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College entrance exam suicides prompt mental health discussion

English.news.cn   2013-06-26 19:31:40            

JINAN, June 26 (Xinhua) -- Concerns have been raised about Chinese students' mental health following four cases in which children killed themselves after performing poorly on college entrance exams earlier this month.

Four middle school students -- two from northeast China's Liaoning Province, one from central China's Hubei Province and one from southwest China's Sichuan Province, killed themselves after receiving poor scores on the "gaokao," or national college entrance exams.

The exams were held from June 7 to 9 and were taken by about 9 million students.

In the most recent suicide, a 20-year-old student in Sichuan's city of Chongzhou drank pesticide and died on Saturday after finding out that her scores were not high enough to allow her to enter college.

"She did not know there are actually many other roads. To live with an active attitude is the best return for parents," said the girl's father.

Gaokao suicides have occurred annually for the last several years.

"A failure in the national exam does not mean a failure for a person's whole life. People should view setbacks properly," said Ma Yugen, a psychology professor at Sichuan University.

The gaokao is regarded as the only path to institutions of higher learning and represent the greatest opportunity for students to change their lives for the better.

But the suicides of some applicants have raised concern regarding how students can be taught to be strong in the face of failure.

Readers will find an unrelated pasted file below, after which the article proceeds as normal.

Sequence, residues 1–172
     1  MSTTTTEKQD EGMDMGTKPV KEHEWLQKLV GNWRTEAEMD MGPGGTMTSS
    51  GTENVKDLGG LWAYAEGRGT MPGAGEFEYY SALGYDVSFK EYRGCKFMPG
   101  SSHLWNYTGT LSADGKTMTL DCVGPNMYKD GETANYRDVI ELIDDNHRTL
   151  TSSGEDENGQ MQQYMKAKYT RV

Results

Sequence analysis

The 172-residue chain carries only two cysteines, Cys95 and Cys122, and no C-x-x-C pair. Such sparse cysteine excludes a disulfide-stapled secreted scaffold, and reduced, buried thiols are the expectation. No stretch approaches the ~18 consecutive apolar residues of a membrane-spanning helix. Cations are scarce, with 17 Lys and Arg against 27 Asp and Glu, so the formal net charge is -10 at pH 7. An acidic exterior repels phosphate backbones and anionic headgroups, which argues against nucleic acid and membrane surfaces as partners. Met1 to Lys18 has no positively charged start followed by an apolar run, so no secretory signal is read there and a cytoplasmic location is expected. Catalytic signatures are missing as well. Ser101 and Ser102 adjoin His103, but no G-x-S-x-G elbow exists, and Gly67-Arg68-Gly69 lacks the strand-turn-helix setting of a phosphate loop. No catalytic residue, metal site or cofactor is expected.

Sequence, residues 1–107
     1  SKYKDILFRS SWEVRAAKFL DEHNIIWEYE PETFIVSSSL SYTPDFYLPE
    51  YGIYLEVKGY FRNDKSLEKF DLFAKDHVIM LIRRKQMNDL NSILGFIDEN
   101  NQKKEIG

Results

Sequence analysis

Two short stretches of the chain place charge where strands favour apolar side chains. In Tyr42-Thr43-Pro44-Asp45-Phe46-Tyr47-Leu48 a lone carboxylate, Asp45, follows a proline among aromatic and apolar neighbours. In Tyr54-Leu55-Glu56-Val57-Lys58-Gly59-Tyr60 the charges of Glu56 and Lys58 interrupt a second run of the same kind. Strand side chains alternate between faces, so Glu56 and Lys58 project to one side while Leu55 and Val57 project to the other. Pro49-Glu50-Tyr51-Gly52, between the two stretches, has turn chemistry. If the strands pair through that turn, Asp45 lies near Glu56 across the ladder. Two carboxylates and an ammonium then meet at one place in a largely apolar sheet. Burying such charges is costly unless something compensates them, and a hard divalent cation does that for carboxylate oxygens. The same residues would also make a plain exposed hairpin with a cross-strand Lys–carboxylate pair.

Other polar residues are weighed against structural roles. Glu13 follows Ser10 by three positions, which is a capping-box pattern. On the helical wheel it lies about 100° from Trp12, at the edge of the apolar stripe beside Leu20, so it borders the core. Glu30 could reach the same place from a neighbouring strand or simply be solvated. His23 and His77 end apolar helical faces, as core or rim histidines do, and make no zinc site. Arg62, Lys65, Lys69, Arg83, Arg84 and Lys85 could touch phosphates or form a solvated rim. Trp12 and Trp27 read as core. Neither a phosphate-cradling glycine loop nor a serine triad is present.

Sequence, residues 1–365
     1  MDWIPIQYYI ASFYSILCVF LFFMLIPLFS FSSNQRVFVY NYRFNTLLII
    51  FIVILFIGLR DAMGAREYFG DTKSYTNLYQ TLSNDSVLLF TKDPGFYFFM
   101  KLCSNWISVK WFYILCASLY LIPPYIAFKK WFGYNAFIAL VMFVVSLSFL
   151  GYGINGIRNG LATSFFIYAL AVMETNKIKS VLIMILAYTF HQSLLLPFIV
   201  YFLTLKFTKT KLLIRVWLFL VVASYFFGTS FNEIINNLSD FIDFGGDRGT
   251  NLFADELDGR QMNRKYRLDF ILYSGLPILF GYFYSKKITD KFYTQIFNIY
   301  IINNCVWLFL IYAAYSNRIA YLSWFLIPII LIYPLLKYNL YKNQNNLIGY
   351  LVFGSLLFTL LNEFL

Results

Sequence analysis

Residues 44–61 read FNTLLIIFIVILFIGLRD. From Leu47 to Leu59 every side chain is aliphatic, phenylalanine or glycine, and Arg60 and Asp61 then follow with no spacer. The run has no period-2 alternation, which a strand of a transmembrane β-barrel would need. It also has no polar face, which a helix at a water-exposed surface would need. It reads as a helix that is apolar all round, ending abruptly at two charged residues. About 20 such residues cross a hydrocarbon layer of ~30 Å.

"A student is a person first of all. We should adopt all-around education and put 'personality education' first instead of prioritizing knowledge," said Jin Weisong, headmaster of the No. 5 Middle School in Shenyang, capital of Liaoning.

The current education environment exaggerates the importance of knowledge, Jin said, adding that educators should place more importance on physical education, mental health and students' sense of responsibility.

The suicides indicate that expectations and pressure from parents are too high, said Ye Bin, a mental health researcher at East China Normal University.

The students are overwhelmed by their failures, as their only goal is to pass the exams, according to Ye.

"My son bore too much pressure. I always asked him to learn from excellent students," said the mother of an exam participant surnamed Yu from Liaoning. He left his home shortly after the end of the exams and his body was retrieved from a river a few days later. Police confirmed he killed himself.

The current generation of single children, a result of the country's one-child family planning policy, tend to be very fragile when dealing with setbacks, said a middle school principal surnamed Liu from Jinan, capital of east China's Shandong Province.

In many schools, mental health services are unprofessional and only available on a temporary basis, said a psychologist who requested anonymity.

Quality education should be promoted substantially in order to liberate students from their focus on obtaining high scores, according to Sun Yunxiao, deputy director of the China Youth and Children Research Center.

Traditional views regarding vocational education should be changed and the status of technicians should be recognized so that students will be more willing to consider different options, Sun said.

Editor: Yang Lina
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